The diagram accompanying this post identifies ten factors or sources of input that a Category Manager of the future might incorporate into planning decisions. Many are already familiar — optimization of assortment, price, promotion and markdowns are well-established techniques built into software suites like those from IBM DemandTec. Other vendors offer macro space planning solutions, automated replenishment, capacity planning, In-Store Implementation and competitive analytics. These factors all interact in a dizzying matrix. But wait! There’s more!

Now fold in the massive influence of social/mobile/local media and online shopping and search behaviors, which are manifest as Big Data. We are witness to the vanishing boundaries of the in-store environment, due to the advent of personal digital technology, changing consumer habits, omni-channel business models and the immense flows of unstructured and structured data that these are creating for Shopper Marketers. I call this The Incredible Dissolving Store.

Big Data postulates that we will soon be routinely mining these external data flows for relevant behavioral insights and applying those insights on a continuous basis to enable shopper success and sustain meaningful competitive advantage.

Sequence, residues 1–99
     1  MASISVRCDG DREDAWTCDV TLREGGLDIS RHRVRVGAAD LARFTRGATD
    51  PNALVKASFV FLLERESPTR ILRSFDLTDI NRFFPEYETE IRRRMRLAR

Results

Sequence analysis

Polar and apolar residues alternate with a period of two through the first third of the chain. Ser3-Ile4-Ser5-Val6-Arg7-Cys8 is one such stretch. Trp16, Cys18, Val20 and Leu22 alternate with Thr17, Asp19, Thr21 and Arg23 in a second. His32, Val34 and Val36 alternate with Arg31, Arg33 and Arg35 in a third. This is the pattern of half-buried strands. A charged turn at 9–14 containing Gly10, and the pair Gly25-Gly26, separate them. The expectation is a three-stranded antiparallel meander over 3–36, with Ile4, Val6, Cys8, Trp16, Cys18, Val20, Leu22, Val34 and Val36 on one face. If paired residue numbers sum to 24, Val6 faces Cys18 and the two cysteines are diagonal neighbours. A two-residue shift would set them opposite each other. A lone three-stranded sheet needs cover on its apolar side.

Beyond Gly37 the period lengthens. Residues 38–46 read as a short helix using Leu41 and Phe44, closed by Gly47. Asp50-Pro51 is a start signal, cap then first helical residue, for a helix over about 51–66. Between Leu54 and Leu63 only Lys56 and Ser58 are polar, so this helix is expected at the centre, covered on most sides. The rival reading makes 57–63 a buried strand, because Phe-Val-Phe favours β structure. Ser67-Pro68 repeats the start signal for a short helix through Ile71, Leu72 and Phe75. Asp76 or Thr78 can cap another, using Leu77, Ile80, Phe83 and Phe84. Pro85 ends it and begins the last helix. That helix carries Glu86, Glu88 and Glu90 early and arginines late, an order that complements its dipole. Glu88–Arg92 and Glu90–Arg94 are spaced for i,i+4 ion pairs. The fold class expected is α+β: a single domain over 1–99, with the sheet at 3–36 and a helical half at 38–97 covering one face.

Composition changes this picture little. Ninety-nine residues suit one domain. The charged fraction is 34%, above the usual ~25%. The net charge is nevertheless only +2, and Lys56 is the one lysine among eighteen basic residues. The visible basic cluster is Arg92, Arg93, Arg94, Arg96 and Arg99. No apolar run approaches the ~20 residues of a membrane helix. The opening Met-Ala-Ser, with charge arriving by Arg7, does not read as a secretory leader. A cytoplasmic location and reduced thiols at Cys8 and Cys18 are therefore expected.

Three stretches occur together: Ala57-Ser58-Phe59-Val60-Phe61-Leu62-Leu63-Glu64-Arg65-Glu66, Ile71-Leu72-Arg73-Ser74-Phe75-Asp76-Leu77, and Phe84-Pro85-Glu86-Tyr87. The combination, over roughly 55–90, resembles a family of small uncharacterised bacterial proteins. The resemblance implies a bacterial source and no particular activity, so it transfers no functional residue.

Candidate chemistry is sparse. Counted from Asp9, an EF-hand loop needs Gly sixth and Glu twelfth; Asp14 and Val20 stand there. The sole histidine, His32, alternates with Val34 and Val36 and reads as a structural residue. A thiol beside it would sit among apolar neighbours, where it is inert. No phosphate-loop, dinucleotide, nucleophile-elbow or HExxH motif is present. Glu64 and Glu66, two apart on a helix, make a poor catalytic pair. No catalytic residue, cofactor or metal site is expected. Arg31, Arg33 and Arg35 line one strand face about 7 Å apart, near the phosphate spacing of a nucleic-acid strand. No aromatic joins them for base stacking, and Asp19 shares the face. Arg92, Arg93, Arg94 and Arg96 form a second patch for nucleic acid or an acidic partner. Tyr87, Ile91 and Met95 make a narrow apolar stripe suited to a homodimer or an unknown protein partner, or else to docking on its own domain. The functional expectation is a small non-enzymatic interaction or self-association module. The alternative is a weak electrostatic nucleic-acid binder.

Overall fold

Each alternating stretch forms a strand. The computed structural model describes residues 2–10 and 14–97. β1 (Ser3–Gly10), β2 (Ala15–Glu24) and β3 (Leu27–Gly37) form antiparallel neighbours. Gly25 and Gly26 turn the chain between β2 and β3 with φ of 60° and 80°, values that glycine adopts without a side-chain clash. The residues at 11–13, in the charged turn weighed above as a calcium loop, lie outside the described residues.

Mix Mastery
It’s kind of like the marketing mix management problem. Heck, in many ways it’s a core part of the marketing mix problem. Shopper success — and therefore, the success of our category and promotional plans — are influenced by all these factors. Simultaneously. Continuously.

The increasing intricacy of the merchandising decision process reflects the proliferation of intersecting, measurable and optimize-able factors within the store. All these new data-based influences mean the locus of power is rapidly leaving the store and distributing across your customers’ mobile devices. The shopper is always in the center — no matter where you go, there they are.

It becomes increasingly apparent that Category Management in the Incredible Dissolving Store will not be about solving the equation — it will be about tuning the system. New analytics tools make the keys to relevance more accessible and more automated than ever. The life cycle of your decisions, shorter than ever. The power resides in the network and in the hands of individual shoppers.

Category Management, like it or not, is rapidly shifting from an orderly, controlled, recursive, planning process with boundaries and well-defined metrics into a deliberately dis-orderly, multidimensional, broad, shape-shifting and organic process that incorporates planning, detection, response and continuous strategic reconsideration.

In the Incredible Dissolving Store, we need to get used to the kind of ongoing discomfort this implies and think very carefully about the metrics we use to define success. If we listen actively and shed our bias, the shoppers will tell us what those must be.

© Copyright 2012 James Tenser

 

Price Image in a Transparent World

ONE OF THE SIDE EFFECTS of the “showrooming” panic which seems to grip some of America’s big box retailers has been a flood of learned and not-so-learned opinions from learned and not-so-learned analysts and observers.